20 October 2011
Real Steel sets a new high for boxing tropes. If you take every Rocky film and roll in Over the Top, you will have some idea of what to expect from Shawn Levy’s latest film. The only difference? This movie features robots. Underdog story? Check. Down on his luck protagonist? Check. Has bad debt from gambling? Check. Bad father? Check. Old love interest? Check. Entertaining anyway? Indeed.
Real Steel opens with Charlie Kenton (Hugh Jackman), a former pro boxer, waking up to a phone call from his bookie about a debt he owes. He then proceeds to take his robot boxer Ambush out to a fair to fight a bull. As it turns out, the fair is run by Ricky (Kevin Durand, Lost), a former boxing champ that once defended his title against Charlie. Charlie and Ricky up the stakes by making a winner-take-all bet that of course Charlie loses when the bull tears Ambush to shreds.
Now, even farther down on his luck, Charlie finds out that his ex-flame has passed away, and that their son Max (Dakota Goyo) needs a place to live. Charlie makes a deal with his former lover’s sister, Debra (Hope Davis), and her husband, Marvin (James Rebhorn), to give them custody for $100,000. Like all good movie deals, there is a catch; Charlie will get $50,000 now while he watches Max while Marvin and Debra go on vacation for the summer. The other half will be paid in August when Max moves in with Marvin and Debra.
With his new found money, Charlie buys a second robot boxer, Noisy Boy and returns to his old training gym run by his previous trainer’s daughter Bailey (Evangeline Lily, Lost, The Hurt Locker) with his son in tow. It turns out that Max is a fan of robot boxing, so Charlie takes him to an underground boxing fight. The fights are run by Finn (Anthony Mackie, The Hurt Locker), an old friend of Charlie. Despite young Max’s advice, Charlie takes the main fight against local favorite Midas. As you can guess, this fight does not go well for Charlie.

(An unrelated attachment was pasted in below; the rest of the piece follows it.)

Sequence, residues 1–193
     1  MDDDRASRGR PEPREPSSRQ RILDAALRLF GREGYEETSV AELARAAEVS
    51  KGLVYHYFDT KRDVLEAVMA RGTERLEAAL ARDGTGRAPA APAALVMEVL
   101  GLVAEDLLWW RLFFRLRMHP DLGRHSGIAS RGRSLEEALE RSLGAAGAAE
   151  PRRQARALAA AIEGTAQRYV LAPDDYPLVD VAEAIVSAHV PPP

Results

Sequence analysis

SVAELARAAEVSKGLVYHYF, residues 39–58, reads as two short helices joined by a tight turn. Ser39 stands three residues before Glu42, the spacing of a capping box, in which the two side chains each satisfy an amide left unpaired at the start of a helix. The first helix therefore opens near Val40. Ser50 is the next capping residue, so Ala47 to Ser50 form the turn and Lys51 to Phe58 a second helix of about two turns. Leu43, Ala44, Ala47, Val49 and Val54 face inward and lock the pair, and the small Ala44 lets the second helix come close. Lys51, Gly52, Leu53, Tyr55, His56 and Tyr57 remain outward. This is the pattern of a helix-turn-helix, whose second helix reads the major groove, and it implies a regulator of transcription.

That night, Charlie and Max break into a junkyard to find parts to rebuild a robot. Max comes across Atom, an old training robot built to take abuse without giving out a lot of abuse in return. Now we have an underdog. The rest of the film plays out as cliché as possible. The film culminates in an epic-wannabe boxing match pitting the proverbial David against Goliath.
I thoroughly enjoyed myself despite the lame the premise. As I mentioned, there is nothing new in Real Steel, but it is clear that writer John Gatins is a fan of sports films. He has written a few second-tier sports films like Summer Catch, Hardball, Coach Carter, and Dreamer. The script is not as tight as it could have been since a lot of the prophetic thoughts are nothing more than obvious drivel. The score by Danny Elfman keeps the movie moving nicely. The soundtrack is made up of old songs, Eminem’s “Till I Collapse”, and new Bad Meets Evil’s “Fastlane.”
Despite offering nothing new and hitting every cliché on the way, I still found Real Steel worth the watch. I got to this movie late, but it has already topped the US Box Office two weeks in a row. It will not accomplish the three-pete because Paranormal Activity 3 will be opening this weekend.